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Cleaner air through driving

A new technology could soon use cars as mobile air filters. These would clean the city air while driving and could thus prevent impending diesel driving bans.

Mann und Hummel, a company based in Ludwigsburg, Germany, could soon bring a technology to market that would revolutionise driving: mobile filter systems that can be attached to vehicles of all kinds and thus clean the city air while driving. The EU Commission has pledged €1.5 million in support to the company to advance the technology.  

The company wants to bring two different types of filters to market: One would filter city air directly while driving, actively removing fine dust particles from the surrounding air, for example. The filters could be mounted in an aerodynamic form on the roof of buses and trucks, but also find a place on the bumper or under the boot. Especially on vehicles that travel a lot in city centres and conurbations, this technology could bring significant improvements in air quality. The promising filters are to go into series production this year.

A second technology from the company is already ready for series production: a filter that sits close to the brake disc and filters brake dust out of the air directly where it is produced. Brake dust contributes significantly to the fine dust pollution in the air and is also a problem with electric cars. Electric cars are clearly better than combustion engines in terms of their CO2 emissions. However, so-called non-exhaust emissions, which are caused by brake, tyre and road abrasion, are much higher in electric cars. The filter can be installed in a wide variety of vehicle types and costs consumers less than 200 euros. The technology is expected to be on the market as early as this year.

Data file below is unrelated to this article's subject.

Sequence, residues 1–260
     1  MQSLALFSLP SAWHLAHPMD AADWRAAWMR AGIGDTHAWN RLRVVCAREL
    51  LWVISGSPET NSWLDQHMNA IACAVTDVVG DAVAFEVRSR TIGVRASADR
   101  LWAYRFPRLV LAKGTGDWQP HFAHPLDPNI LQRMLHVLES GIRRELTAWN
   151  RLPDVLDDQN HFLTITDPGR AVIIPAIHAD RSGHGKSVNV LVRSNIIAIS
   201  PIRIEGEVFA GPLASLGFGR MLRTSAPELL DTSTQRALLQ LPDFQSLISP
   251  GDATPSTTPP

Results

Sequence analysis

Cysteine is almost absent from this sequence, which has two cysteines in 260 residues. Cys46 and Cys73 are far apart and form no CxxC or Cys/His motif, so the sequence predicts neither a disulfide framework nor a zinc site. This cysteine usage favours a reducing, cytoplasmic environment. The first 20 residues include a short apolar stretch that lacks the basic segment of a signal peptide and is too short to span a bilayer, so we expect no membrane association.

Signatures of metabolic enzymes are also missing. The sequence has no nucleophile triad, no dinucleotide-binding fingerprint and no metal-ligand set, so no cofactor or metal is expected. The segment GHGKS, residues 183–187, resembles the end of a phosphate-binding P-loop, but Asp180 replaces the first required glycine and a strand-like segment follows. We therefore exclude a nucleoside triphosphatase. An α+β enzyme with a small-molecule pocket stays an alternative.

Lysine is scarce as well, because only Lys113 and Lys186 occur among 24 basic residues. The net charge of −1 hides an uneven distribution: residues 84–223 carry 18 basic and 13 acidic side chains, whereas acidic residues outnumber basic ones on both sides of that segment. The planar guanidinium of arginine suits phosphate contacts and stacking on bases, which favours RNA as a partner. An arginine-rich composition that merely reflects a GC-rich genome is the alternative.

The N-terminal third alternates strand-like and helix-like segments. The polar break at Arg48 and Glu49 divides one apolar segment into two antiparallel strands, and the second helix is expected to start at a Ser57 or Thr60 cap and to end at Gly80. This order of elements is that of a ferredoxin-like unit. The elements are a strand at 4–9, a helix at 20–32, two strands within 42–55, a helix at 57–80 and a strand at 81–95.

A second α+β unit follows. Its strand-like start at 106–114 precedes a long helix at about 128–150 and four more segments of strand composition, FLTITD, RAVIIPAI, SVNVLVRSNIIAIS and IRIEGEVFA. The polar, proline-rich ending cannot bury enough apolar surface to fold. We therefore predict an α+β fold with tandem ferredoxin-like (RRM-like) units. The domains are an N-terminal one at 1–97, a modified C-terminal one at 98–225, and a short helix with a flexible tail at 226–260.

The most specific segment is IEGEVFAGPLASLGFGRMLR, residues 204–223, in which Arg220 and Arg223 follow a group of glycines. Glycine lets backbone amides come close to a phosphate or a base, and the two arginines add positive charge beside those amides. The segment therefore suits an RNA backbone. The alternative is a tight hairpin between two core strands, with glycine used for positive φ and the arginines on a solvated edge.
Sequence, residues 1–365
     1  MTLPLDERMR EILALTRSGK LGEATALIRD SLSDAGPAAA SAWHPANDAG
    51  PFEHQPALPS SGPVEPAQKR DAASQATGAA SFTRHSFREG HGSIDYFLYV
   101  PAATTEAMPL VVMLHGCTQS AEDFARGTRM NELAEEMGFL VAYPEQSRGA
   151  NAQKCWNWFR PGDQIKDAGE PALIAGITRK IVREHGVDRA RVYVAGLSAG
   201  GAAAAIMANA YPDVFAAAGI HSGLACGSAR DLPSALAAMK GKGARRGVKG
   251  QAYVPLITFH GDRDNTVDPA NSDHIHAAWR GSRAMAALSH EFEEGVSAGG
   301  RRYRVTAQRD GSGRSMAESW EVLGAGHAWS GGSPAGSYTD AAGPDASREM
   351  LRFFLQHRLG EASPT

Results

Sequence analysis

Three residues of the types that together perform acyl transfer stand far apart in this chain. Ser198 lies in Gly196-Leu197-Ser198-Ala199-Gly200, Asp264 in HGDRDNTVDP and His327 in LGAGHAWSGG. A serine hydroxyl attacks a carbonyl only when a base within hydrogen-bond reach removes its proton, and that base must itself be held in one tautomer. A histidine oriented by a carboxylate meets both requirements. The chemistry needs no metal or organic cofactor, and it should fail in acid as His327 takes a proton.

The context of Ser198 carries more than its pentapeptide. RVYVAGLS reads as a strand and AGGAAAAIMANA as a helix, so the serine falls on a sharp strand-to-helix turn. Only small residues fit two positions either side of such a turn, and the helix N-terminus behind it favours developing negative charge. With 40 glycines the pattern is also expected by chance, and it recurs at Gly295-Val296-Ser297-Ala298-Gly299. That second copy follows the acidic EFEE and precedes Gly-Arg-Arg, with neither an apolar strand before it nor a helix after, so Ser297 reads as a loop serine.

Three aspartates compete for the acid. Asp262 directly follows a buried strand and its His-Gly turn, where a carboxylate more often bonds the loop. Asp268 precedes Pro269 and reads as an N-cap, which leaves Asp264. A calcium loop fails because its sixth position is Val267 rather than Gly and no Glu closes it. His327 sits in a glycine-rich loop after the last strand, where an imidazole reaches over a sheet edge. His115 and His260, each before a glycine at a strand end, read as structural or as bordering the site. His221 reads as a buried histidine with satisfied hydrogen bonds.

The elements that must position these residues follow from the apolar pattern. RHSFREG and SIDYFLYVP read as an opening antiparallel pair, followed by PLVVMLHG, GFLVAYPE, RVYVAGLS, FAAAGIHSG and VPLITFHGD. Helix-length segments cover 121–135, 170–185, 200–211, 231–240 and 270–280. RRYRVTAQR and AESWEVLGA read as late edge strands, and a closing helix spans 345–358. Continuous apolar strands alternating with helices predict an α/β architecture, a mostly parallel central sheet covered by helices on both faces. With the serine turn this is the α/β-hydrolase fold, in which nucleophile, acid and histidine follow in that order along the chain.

Part of the EU funding is a product-accompanying study that will test what the filters can do on at least 20 types of vehicles in 3 European cities. MEP Norbert Lins (CDU) had proposed the project for funding. He sees a real opportunity in the technology to advance the mobility turnaround: "If we manage to filter pollutants such as particulate matter directly on the vehicle, we can implement the EU Commission's zero-emissions strategy with mobility that is open to technology, without compromising individual freedom of movement."

Should the filters actually improve air quality, this could also continue to prevent the threat of diesel driving bans, as in Frankfurt am Main. Even in Hamburg and Stuttgart, where diesel driving bans are on the back burner but it is not certain whether the air will remain clean this year, the new technology could keep the measured values below the limit value in the long term and make the driving bans obsolete. We are looking forward to it!